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Maine Becomes 5th State to Approve Gay Marriage

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Amy Klein-Matheny (L) and her wife Jennifer are married by Rev. Peg Esperanza (R) in the Polk County Administration Building in April 2009 in Des Moines, Iowa. The governor of Maine signed a law making the northeastern US state the fifth to allow gays to marry. (AFP/Getty Images/File/Scott Olson)

NEW YORK - The governor of Maine on Wednesday signed a law making the northeastern US state the fifth to allow gays to marry.

Governor John Baldacci, a Democrat, signed the law after the upper chamber in the state legislature voted 21 to 13 in favor.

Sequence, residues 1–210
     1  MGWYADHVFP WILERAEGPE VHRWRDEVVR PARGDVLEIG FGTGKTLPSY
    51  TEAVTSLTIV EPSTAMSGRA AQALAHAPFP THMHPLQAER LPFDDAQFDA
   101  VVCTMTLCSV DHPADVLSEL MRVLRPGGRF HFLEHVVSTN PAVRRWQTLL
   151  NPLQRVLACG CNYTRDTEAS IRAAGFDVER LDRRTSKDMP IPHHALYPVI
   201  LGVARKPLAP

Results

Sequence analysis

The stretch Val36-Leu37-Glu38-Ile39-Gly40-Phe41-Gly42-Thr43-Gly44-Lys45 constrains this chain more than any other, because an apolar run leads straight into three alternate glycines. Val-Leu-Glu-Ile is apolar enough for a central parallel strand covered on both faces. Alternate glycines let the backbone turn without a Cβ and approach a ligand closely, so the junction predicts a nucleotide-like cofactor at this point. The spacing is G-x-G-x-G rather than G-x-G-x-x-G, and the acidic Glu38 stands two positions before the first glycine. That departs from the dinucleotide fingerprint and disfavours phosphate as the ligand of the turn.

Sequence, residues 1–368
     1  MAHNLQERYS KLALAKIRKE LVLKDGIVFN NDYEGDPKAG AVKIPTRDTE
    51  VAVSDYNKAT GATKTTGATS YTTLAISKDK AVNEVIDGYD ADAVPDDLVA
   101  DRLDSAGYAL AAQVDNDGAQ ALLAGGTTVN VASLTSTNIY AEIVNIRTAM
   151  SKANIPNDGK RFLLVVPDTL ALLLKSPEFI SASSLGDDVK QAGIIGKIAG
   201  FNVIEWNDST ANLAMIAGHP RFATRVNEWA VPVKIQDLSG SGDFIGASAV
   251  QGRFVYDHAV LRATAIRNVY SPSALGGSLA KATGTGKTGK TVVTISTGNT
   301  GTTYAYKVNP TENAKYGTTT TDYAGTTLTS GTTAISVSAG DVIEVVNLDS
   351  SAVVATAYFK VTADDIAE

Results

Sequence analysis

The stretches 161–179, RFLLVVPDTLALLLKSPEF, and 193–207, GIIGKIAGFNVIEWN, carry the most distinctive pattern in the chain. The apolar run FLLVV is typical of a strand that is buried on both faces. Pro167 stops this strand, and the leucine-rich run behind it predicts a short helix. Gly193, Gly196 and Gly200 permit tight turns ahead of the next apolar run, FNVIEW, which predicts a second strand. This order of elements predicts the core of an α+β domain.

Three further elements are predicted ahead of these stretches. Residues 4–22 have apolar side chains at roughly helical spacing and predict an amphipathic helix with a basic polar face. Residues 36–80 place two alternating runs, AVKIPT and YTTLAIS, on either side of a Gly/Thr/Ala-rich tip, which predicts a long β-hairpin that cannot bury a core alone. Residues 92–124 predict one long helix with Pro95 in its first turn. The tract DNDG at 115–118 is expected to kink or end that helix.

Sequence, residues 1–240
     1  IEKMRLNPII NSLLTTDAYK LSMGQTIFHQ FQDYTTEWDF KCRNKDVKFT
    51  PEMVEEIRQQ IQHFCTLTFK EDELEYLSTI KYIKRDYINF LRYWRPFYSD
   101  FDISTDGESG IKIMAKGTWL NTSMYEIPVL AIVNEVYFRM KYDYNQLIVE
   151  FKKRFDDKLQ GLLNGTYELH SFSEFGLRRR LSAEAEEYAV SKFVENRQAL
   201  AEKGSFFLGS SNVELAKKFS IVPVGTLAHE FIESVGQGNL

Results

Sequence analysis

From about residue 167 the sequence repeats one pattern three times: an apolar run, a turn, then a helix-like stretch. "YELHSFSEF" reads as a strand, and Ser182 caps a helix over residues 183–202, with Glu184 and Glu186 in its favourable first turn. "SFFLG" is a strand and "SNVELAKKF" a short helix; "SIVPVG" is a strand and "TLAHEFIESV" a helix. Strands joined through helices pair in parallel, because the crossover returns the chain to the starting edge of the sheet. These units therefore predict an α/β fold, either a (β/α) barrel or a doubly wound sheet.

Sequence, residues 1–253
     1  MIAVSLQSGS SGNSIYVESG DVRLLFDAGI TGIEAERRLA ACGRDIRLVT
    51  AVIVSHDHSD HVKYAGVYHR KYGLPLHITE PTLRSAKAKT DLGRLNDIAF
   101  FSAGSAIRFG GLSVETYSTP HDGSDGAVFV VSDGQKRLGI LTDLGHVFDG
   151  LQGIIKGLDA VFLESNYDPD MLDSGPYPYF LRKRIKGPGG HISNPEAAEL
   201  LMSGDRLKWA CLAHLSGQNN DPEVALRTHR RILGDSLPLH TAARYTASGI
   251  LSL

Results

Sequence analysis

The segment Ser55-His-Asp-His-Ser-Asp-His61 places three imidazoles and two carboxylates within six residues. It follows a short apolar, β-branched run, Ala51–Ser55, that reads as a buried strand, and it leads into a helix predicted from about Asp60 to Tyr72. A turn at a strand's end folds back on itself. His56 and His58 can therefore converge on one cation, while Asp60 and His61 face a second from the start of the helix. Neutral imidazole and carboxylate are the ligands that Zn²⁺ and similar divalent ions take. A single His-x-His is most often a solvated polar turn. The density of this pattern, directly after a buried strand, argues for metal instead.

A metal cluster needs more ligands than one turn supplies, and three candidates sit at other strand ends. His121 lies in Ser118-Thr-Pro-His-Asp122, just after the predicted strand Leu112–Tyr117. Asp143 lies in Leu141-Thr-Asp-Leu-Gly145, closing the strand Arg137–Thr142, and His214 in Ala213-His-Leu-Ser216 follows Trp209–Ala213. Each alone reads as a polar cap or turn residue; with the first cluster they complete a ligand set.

"In the past, I opposed gay marriage while supporting the idea of civil unions," Baldacci said in a statement on his website.

"I have come to believe that this is a question of fairness and of equal protection under the law, and that a civil union is not equal to civil marriage."

Maine joined its fellow New England states of Connecticut, Massachusetts and Vermont, as well as Iowa, in extending marriage rights to couples of the same sex.

Last week New Hampshire, which is also in the northeast, moved closer to adopting a similar law.

The bill passed in the upper house, but as still to win clearance from the lower house and get the signature of Governor John Lynch, a Democrat who has previously opposed moving beyond allowing civil unions.

New York's legislature is currently considering a bill proposed by Governor David Paterson.

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